The Need for Spiritual and Emotional Healing of African American Women
The African American collective, in general, is currently at a pivotal moment in its history. The hostility against the African American male, and the indifference to the suffering of the African American female is at an all-time high. Over the course of the last five years or so, a great deal of pressure has been placed on the Black woman to conform to the expectations of both, the Black man and the institutional force of a White-male driven social system. While her beauty is secretly lauded as unattainable by her white counterparts, she is marginalized and degraded for the same features and spiritual prowess she is secretly praised for.
Recently, actor and activist, Jesse Williams, was praised for his acceptance speech for the BET Humanitarian Award. While his speech was the only thing I watched on this award show, and I thoroughly enjoyed it, there was one line, in particular that stood out to me:
“Just because we are magic doesn’t mean that we’re not real.”
I personally believe that this statement is specifically and uniquely appropriate concerning Black women. While we all have magical qualities that are inexplicable to a great degree, there is something extraordinarily special about the Black woman. Her resilience is unparalleled, and her spiritual prowess is unattainable.
In my study of the Black Race and its many enigmatic issues, the current state of health as far as the Black woman is concerned has alarmed me. I am concerned not only because there is a great need for emotional and spiritual healing for the Black woman on a mammoth scale, but my concern ventures into the realm of indifference to the damage that has been done to the spiritual and emotional capacity of the Black women — not only by external forces, but specifically by the Black man.
Somewhere along the way, the Black man lost sight of the uniqueness of the Black woman. He became disconnected from the once innate understanding that she was designed and built to press inexorably through difficulty and adversity on his behalf. Somehow, he became indifferent. And even worse, some Black men have even found it to be an acceptable course of action to treat his “organic and spiritual counterbalance” as an enemy.
Unfortunately, the Black man views the contempt and hostility of the Black woman through the paradigmatic lens of emasculation and hypersensitivity — a condition that is the result of his own plight in the struggle of our people. The system of power painted our women as the enemy and the cause of our emasculated state of being, and we needed someone to blame who we could actually lash out at, so we chose to accept the narrative written by a system of power that sought our demise. Likewise, our women had been shown for centuries that we had no power to provide for, protect nor lead them. So, their contempt for us grew, repelling us in substantial numbers.
One thing that Marion Myers makes lucidly clear in her book, Ghettos Forgotten Daughters, is the level of lack as it pertains to Black male support and protection for the females of our race. The numbers are staggering. Consider that more than 60 percent of all Black women have experienced some form of sexual abuse during their childhood years. Now, imagine the extent of the untreated trauma that this population of Black women is carrying around. Yet, we consistently demand that they perform. When the Black man comes to the realization that the Black woman is inextricably connected to his success and elevation, he will begin to develop a lucid perspicacity of the importance of protecting her. When he becomes aware of her spiritual womb and its direct correlation with the birth of his visions and dreams, he will no longer treat her as something disposable and unnecessary.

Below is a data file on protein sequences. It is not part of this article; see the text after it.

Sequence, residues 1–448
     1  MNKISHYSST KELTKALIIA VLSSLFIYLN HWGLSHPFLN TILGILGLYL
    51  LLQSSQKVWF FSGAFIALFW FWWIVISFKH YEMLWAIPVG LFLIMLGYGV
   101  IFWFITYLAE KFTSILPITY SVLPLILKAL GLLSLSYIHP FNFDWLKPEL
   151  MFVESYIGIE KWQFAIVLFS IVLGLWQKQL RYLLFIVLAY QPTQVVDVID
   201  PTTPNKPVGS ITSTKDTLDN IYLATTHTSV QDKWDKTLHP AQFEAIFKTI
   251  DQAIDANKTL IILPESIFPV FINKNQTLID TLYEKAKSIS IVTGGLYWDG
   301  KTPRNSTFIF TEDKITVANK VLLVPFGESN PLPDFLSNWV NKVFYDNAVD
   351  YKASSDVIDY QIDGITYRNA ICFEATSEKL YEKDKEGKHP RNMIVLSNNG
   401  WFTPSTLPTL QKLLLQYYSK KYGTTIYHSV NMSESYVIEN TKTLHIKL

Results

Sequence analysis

The Black woman is in need of emotional and spiritual healing, because she is bearing the weight of perpetual trauma. She can’t breathe, because the air around her is contaminated with contempt, distrust, abandonment and betrayal. She can’t stand, because her legs have grown weary from the burden or bearing children to absent and disinterested fathers. She is in need of healing. Her spiritual sight has become nebulous and undefined. While she is physically alive, she is spiritually dead, or on spiritual life support. It is time for the Black man to rise up and take on the responsibility of loving the Black woman back to life.
It is time for the black man to understand that while the Black race will only go as far as he is able to lead it, it will only rise as high as the Black woman can spiritually elevate it. We are built to function as a unit — an immensely powerful and highly balanced entity, created from the masculine energy of the Black man and the feminine energy of Black women. It is time that we rise to the level of our design. Black men, your authentic love and appreciation for the black woman is the healing balm that will initiate the process of restoration. Black woman, your trust and respect for the black man is the facilitating force of your own healing. We cannot do it alone, we need each other. ~ Dr. Rick Wallace, Ph.D.
Dr. Rick Wallace, is the Founder, CEO and Director of Behavioral Research at The Odyssey Project, a subsidiary of Rick Wallace Enterprises that focuses on addressing the many enigmatic issues that plague the black community. He is also the author of 16 books, including The Mis-education of Black Youth.